Failure to report Canadian privacy breaches could mean big fines after Nov. 1
Failure to report the potential for significant harm could expose private-sector organizations to fines of up to $100,000 for each time an individual is affected by a security breach
TORONTO – After more than three years of legislative fine-tuning, Canadian businesses will be required as of Thursday to alert their customers and the federal privacy watchdog if there’s a danger that personal information under an organization’s control has fallen into the wrong hands.
Failure to report the potential for significant harm could expose private-sector organizations to fines of up to $100,000 for each time an individual is affected by a security breach, if the federal government decides to prosecute a case.
But there are warnings that Canada’s privacy office – an arms-length Parliamentary body – will be handicapped by a lack of resources and its limited powers under the Personal Information Protection and Electronic Documents Act, or PIPEDA.
Privacy commissioner Daniel Therrien says his office needs about six more people to analyze the new flood of breach reports that will start to flow. Without additional funds, the office will only be able to take a superficial look at most reports.
“We will focus on those with the greatest harm. . . . And when we see gaps in the posture of organizations, we will recommend they improve safeguards,” Therrien said in an interview.
But under the current law, the Office of the Privacy Commissioner can only advise organizations to make changes. The OPC has no authority to order corrective changes or issue fines – an enforcement power that Alberta’s privacy watchdog has had since 2014.
And since PIPEDA is full of imprecise language that require notifications “as soon as feasible” after a “real risk” of “significant harm” has been detected, there’s a danger that some incidents will be reported too slowly or not at all.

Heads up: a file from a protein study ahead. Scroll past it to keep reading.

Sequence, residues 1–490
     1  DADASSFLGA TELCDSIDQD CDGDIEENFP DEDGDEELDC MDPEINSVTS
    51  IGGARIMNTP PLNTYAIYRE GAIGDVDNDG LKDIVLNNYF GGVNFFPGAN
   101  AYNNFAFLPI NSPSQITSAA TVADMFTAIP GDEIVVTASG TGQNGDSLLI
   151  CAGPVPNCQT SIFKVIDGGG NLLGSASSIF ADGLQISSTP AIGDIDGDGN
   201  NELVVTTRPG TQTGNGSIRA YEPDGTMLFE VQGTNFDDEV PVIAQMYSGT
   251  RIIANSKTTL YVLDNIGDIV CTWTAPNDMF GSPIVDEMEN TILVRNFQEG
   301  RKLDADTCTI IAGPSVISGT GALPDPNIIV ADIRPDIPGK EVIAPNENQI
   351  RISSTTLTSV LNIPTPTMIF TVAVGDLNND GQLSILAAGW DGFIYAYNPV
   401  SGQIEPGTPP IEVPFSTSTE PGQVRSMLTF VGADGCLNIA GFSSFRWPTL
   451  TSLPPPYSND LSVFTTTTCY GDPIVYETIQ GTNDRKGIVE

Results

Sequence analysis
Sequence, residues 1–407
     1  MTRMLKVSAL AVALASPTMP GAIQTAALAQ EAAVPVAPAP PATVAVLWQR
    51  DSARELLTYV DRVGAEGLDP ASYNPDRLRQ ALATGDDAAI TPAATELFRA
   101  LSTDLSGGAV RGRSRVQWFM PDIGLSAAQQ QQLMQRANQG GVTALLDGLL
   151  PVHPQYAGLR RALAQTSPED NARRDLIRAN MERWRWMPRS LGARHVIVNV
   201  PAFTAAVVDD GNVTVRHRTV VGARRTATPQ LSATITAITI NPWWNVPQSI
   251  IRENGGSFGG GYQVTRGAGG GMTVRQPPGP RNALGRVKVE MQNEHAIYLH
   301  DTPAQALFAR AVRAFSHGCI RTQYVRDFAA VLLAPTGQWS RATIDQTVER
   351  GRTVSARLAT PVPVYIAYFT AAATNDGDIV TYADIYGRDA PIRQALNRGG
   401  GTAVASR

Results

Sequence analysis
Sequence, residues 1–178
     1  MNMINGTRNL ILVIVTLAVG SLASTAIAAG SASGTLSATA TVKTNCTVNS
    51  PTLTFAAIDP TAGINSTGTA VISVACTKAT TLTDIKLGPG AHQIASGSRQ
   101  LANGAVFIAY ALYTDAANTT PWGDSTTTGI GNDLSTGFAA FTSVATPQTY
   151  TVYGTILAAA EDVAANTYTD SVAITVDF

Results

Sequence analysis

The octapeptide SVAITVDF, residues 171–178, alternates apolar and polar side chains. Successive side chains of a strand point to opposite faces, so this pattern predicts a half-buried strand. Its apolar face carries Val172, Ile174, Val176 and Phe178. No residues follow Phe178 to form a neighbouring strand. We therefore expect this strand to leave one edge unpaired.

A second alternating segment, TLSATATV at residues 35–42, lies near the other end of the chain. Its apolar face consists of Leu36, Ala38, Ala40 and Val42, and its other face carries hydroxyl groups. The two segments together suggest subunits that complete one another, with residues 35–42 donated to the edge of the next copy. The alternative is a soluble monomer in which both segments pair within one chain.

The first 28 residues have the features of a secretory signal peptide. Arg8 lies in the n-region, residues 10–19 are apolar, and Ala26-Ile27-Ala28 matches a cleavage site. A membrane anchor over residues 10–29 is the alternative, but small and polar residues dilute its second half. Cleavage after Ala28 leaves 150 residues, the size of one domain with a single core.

“That’s not our domain,” Therrien said. “It will be up to the Justice Department to decide whether or not to prosecute. . . . If they do, the fines are fairly hefty.”
Therrien isn’t satisfied with having just an advisory role and has asked repeatedly for additional investigative and enforcement powers, as well as a $12-million increase to his office’s $24-million annual budget.
MP Peter Kent, the Conservative critic for access to information, privacy and ethics, said Therrien has the support of an all-party Commons committee that deals with privacy issues.
“How much more capacity does the privacy commissioner need? I don’t know. But I think there’s general agreement on the committee that his powers need to be contemporized,” Kent said.
In other words, they need to be strengthened given the rapid changes in technology and resources available to
multi-billion-dollar enterprises such as Facebook and Google, he said.
“PIPEDA, today, is barely adequate,” Kent said. “We’re really only scraping the surface of a very rapidly changing threat to privacy.”
In a separate but related development, Therrien said Wednesday that he’s investigating Statistics Canada’s request for private banking information on 500,000 Canadians.
However, that probe is being done under the Privacy Act, which applies to the public sector, rather than PIPEDA.
Liberal MP Nathaniel Erskine-Smith, who is a vice-chair of the Commons privacy committee, has sponsored a bill to amend PIPEDA so the privacy commissioner has powers to audit an organization and to issue fines of up to $30 million.
But such private member’s bills often don’t advance through Parliament to become law.
Ale Brown, who provides privacy advice to North American companies in a range of industries through her Vancouver-based firm Kirke Management Consulting, thinks Canadian businesses are generally unprepared for the new rules.
“The businesses that are ready have been ready for a long time. They take personal data safeguarding seriously and they’ve had procedures in place. So it’s not a big change for them.
But Brown said that a lot of businesses haven’t done anything to get ready for the new PIPEDA requirements, and thinks part of the reason is the federal privacy commissioner’s limited enforcement powers.
“In my experience, what I have found, is that companies do something when they see their bottom line threatened.”
Norton Rose Fulbright partner Ryan Berger, who heads the law firm’s Canadian privacy and cyber security team, said a major motivation for businesses is the risk of being sued by those harmed by a privacy breach.
“I think before the change in the law and after the change in the law, that is the most substantial risk to organizations.”
Berger said the new breach notifications required under PIPEDA will raise awareness but “there’s going to be a lot of organizations in Canada that don’t realize that these new rules are going to apply to them.”